Science Says Men Should Be The Ones Cleaning The House

Feb 19, 2018, 00:50
Science Says Men Should Be The Ones Cleaning The House

According to the study, conducted by researchers at the University of Bergen in western Norway, women who use cleaning agents regularly at home have reduced lung capacity over a long period of time in contrast to those who do not clean regularly. However, they added that it is possible that women are simply more vulnerable to the chemicals' effects.

During the research, 6,235 men and women were observed for 20 years from the time they were around 34.

The scientists advised avoiding the products, and instead using microfiber cloths and water. Sadly, evidence has surfaced in recent years of the link between asthma risks among professional and home cleaners and the use of such chemical cleaning tools. From their forced vital capacity, home cleaners lost an extra 4.3 milliliters a year and occupational cleaners lost an additional 7.1 milliliters a year.

The researchers tracked the health of 6,000 adults over a 20 year period, looking at data from the European Community Respiratory Health Survey.

The drop in lung function in both groups was comparable to smoking a pack of 20 cigarettes for between 10-20 years, the Daily Mail reports.

Women who cleaned at home or as work were also more likely to have asthma than those who did not clean.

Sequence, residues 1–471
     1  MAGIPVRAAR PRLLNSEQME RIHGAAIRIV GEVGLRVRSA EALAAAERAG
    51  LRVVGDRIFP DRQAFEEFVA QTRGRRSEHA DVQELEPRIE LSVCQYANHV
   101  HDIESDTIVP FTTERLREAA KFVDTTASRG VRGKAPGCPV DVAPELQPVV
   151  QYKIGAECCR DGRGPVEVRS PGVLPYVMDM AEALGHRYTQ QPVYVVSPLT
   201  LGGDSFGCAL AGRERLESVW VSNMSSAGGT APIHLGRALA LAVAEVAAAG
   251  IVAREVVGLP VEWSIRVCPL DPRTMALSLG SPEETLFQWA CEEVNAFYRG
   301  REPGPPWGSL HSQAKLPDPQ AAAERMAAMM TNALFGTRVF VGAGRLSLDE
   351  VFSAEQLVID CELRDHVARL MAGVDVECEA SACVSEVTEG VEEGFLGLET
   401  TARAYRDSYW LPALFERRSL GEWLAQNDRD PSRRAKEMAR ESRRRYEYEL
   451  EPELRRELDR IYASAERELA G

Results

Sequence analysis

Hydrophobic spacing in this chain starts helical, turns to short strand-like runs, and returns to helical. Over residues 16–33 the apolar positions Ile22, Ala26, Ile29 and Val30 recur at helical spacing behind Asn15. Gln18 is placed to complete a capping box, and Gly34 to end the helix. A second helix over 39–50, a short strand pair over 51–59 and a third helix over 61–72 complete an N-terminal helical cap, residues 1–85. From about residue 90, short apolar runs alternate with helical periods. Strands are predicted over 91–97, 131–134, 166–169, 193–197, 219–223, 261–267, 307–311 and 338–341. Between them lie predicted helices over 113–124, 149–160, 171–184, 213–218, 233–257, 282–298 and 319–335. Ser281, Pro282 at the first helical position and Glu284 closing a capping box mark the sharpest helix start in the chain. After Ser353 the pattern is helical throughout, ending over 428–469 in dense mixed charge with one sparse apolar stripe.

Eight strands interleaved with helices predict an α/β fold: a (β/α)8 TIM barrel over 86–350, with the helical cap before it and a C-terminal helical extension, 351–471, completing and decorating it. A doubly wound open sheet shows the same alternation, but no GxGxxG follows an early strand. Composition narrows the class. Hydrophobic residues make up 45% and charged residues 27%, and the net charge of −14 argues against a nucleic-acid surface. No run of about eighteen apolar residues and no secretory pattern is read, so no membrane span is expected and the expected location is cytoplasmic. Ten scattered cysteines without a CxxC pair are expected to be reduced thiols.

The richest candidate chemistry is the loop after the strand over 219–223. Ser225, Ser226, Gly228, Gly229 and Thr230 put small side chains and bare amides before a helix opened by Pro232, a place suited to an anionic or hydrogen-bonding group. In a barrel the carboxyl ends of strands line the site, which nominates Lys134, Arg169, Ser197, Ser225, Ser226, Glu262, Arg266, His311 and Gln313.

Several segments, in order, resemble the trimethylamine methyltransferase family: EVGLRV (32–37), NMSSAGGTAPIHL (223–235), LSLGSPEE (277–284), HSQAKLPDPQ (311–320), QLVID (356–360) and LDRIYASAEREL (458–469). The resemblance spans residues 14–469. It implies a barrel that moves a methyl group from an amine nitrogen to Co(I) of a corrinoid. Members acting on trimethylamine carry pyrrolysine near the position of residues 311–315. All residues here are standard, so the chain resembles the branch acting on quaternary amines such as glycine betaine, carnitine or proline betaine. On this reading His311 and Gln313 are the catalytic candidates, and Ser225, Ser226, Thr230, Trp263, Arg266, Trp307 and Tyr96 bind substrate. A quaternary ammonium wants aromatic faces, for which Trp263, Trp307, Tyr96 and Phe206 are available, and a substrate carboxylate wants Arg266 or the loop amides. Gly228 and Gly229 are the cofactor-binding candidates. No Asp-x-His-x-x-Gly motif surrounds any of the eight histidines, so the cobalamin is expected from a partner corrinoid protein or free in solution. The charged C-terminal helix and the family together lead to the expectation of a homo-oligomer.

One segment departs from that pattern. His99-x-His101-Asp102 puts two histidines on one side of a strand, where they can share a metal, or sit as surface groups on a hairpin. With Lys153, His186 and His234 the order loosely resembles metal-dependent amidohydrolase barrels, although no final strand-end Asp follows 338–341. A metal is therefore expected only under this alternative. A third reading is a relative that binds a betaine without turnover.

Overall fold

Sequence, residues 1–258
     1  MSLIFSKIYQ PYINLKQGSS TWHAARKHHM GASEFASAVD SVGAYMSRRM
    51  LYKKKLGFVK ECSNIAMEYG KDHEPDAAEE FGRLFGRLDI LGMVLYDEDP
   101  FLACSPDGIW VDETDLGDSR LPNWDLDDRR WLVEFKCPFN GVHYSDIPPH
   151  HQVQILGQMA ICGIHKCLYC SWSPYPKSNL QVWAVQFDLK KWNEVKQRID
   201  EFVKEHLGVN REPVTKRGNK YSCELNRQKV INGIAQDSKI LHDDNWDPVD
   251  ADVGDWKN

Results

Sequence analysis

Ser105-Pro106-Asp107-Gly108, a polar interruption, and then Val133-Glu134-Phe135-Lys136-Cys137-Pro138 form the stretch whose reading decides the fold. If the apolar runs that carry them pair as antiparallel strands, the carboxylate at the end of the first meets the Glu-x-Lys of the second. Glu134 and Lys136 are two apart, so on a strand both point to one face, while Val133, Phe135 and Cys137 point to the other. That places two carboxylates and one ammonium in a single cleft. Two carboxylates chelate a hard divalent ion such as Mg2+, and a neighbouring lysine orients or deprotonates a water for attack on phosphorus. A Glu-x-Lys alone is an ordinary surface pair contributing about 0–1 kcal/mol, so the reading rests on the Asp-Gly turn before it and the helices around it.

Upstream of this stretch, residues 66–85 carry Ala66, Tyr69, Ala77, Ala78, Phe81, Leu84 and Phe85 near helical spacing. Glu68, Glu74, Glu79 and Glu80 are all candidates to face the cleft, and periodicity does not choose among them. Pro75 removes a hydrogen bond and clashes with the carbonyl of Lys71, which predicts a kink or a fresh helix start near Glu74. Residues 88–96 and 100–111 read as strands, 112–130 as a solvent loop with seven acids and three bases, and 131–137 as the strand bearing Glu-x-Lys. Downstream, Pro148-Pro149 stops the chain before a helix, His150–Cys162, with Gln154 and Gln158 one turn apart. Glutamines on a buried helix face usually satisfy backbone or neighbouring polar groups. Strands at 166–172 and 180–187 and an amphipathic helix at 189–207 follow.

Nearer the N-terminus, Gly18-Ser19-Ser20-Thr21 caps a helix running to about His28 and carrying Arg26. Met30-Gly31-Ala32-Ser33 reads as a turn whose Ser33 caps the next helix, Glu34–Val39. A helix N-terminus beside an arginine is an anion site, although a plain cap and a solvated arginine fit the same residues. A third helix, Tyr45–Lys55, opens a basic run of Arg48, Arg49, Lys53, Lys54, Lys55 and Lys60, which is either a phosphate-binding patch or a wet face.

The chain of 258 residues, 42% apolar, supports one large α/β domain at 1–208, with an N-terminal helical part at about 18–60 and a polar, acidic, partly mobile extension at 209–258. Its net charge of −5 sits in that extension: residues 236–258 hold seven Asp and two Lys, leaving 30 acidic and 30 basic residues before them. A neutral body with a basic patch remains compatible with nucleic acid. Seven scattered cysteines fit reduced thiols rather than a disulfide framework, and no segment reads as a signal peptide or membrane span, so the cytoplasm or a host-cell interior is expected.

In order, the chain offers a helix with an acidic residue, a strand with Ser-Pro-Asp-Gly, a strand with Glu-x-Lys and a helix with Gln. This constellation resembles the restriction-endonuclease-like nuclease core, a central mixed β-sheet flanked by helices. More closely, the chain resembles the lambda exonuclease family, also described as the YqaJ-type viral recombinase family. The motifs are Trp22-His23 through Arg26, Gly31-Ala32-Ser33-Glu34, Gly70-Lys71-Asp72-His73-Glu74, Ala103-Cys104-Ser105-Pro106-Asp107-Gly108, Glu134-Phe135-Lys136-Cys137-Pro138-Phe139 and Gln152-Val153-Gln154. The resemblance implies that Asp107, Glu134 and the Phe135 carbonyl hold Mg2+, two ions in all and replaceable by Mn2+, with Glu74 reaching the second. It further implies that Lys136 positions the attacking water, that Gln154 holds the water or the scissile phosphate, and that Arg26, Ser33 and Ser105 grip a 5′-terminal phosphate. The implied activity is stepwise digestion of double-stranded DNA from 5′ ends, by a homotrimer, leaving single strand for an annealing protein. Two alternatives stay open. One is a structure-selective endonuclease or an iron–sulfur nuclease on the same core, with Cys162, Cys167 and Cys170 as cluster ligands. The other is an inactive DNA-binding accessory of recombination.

The researchers say it is likely the chemicals irritate the lining of the airways, leading to long-term changes in the way they work.

Due to their findings, researchers see the need to focus on preventing the harmful effects of exposure to chemical cleaning products.

The authors speculate that the decline in lung function is attributable to the irritation that most cleaning chemicals cause on the mucous.

The study participants were asked several questions - whether they themselves cleaned their house, or worked as professional cleaners, how often they use liquid cleaning products and sprays.

The men who cleaned, in the meantime, did not experience greater decline in the exhale tests than those who did not clean.

A new study suggests household cleaning products might do as much damage to women's lungs as smoking cigarettes.

The women - but not the men - who clean their homes or workplaces showed decreased lung function in exhalation tests, according to the paper in the American Journal of Respiratory and Critical Care Medicine.

He added that public health officials should strictly regulate cleaning products and encourage producers to develop cleaning agents that can not be inhaled.